Oklahoma Governor Kevin Stitt has halted the execution of death-row inmate Julius Jones hours before it was scheduled, commuting his sentence to life in prison without the possibility of parole.
Doubts over Jones’s guilt in the 1999 murder of a suburban Oklahoma City businessman and concerns over the lethal substance used in Oklahoma executions had raised nationwide calls to commute the inmate’s death sentence.
“After prayerful consideration and reviewing materials presented by all sides of this case, I have determined to commute Julius Jones’ sentence to life imprisonment without the possibility of parole,” Stitt said on Thursday.
Oklahoma and US legislators as well as civil rights activists have been calling for stopping the execution of Jones. The state Pardon and Parole Board voted 3-1 earlier this month to recommend that Stitt commute Jones’s sentence to life in prison.
Jones’s lawyer, Amanda Bass, welcomed Stitt’s decision on Thursday, calling it a step “towards restoring public faith in the criminal justice system”.
“While we had hoped the Governor would adopt the Board’s recommendation in full by commuting Julius’s sentence to life with the possibility of parole in light of the overwhelming evidence of Julius’s innocence, we are grateful that the Governor has prevented an irreparable mistake,” Bass said in a statement.
Dozens of US states have abolished the death penalty, but 27 states and the federal government still authorise capital punishment for certain severe criminal offences.
Jones was convicted of first-degree murder and sentenced to death for the killing of businessman Paul Howell during a carjacking 22 years ago. He maintains that he is innocent and claims to have been framed by the actual killer who testified against him, but prosecutors say the evidence against Jones is overwhelming.
National celebrities, including reality TV personality Kim Kardashian West and NBA stars have voiced support for Jones.
The NAACP Legal Defense Fund (LDF), an advocacy organisation concerned with racial justice, wrote a letter to Stitt earlier this month raising doubt over Jones’s conviction. The LDF stressed that the inmate’s family members have confirmed that he was home at the time when the murder was committed. It also raised concern over allegations that one of the jurors who convicted Jones referred to him with the n-word.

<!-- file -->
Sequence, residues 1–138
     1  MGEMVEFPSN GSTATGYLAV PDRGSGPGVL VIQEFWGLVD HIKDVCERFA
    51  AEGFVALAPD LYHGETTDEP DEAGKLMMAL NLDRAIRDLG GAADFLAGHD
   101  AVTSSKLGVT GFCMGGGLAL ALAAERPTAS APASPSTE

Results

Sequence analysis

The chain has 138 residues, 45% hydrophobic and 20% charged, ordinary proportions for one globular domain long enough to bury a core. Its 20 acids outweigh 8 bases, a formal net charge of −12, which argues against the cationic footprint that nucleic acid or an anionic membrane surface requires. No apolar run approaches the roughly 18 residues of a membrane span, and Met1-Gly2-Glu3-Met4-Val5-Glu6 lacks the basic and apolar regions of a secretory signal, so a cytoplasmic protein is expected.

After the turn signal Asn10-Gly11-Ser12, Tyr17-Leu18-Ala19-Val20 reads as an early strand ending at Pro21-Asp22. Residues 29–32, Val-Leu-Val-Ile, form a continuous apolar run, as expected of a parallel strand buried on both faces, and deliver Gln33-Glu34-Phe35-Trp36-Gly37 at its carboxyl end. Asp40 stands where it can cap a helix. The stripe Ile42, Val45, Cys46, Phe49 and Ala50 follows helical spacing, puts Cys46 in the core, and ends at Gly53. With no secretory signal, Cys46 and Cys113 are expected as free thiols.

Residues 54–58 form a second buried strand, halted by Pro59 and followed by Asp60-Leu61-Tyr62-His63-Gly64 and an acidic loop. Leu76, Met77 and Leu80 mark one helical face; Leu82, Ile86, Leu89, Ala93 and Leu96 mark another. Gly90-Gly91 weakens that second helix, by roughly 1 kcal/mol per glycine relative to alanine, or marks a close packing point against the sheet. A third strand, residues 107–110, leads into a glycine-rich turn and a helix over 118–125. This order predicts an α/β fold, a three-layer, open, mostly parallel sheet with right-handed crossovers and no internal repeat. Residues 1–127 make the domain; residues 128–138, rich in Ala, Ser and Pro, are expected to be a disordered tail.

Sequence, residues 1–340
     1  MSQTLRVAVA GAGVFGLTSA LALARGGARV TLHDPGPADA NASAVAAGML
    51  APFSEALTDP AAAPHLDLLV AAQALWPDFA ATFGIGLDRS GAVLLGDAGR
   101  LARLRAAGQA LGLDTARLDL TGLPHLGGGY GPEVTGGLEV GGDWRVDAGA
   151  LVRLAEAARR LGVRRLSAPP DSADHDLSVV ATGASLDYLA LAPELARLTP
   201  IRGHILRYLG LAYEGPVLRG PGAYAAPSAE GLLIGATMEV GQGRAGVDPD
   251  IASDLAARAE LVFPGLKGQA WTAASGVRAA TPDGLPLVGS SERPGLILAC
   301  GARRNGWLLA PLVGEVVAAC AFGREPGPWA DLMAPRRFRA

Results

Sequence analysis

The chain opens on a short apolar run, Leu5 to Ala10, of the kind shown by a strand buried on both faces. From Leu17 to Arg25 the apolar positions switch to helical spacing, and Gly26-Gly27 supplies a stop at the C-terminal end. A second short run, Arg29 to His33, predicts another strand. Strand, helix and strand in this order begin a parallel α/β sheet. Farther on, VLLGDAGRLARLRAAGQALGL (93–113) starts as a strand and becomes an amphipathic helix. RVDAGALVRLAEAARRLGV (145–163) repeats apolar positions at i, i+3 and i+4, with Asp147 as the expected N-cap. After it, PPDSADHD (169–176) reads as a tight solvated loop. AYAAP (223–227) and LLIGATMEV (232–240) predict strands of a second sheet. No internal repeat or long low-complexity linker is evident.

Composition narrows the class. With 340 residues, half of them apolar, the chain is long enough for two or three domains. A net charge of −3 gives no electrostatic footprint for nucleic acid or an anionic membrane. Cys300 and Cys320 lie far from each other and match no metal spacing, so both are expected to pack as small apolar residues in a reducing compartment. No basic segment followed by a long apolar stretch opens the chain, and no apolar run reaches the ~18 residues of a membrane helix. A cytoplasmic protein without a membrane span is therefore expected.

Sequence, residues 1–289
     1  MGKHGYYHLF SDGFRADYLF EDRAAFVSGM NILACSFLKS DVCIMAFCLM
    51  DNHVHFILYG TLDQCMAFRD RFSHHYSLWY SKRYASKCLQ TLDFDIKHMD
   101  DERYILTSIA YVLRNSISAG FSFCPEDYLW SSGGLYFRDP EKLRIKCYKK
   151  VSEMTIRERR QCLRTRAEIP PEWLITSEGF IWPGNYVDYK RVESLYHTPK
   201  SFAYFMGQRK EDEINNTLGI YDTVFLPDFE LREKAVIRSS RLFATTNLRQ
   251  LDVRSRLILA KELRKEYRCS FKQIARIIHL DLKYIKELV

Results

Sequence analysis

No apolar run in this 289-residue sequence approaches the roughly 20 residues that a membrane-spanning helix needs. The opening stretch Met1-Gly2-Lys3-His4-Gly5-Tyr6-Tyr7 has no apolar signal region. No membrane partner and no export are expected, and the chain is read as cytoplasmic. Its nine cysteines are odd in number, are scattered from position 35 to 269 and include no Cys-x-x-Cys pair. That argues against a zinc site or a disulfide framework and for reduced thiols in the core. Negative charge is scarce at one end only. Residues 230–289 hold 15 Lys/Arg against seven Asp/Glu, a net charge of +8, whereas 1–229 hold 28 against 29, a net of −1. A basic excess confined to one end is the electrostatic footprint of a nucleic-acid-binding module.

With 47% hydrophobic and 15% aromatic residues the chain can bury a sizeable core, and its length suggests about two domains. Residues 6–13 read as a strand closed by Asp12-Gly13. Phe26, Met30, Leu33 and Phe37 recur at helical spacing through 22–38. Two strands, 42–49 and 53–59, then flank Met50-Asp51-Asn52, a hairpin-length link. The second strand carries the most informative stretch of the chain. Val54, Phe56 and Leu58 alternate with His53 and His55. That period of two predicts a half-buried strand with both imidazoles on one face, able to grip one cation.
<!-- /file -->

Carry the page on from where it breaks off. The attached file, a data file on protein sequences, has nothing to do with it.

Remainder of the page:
“This naked racial animosity by a sitting juror plainly denied Mr Jones his constitutional right ‘to an impartial jury that [could] view him without racial animus, which so long has distorted our system of criminal justice’,” the letter reads, citing a US Supreme Court precedent.
Lawyers for death row inmates in Oklahoma have also argued that the drug used during executions by the state would constitute cruel and unusual punishment, violating prisoners’ constitutional rights.
Grant, Jones and three other inmates had won a stay of execution from a federal appeals court on October 27, but the Supreme Court reversed the decision.
Journalists who witnessed Grant’s execution said at a news conference that he vomited and experienced full-body convulsions about two dozen times before he was pronounced dead. The reaction began after midazolam, the first drug administered in a three-drug process, had been injected.
The incident renewed calls for halting executions in the state.
On Wednesday, dozens of students from Oklahoma City high schools staged a walkout from classes to protest Jones’s scheduled execution, local media reported.
The family of Howell, the victim in the crime for which Jones was convicted, said in a statement cited by local media outlets that it takes comfort in the confirmation of the guilty verdict against Jones.
“We know Governor Stitt had a difficult decision to make,” the statement said. “We take comfort that his decision affirmed the guilt of Julius Jones and that he shall not be eligible to apply for, or be considered for, a commutation, pardon or parole for the remainder of his life.”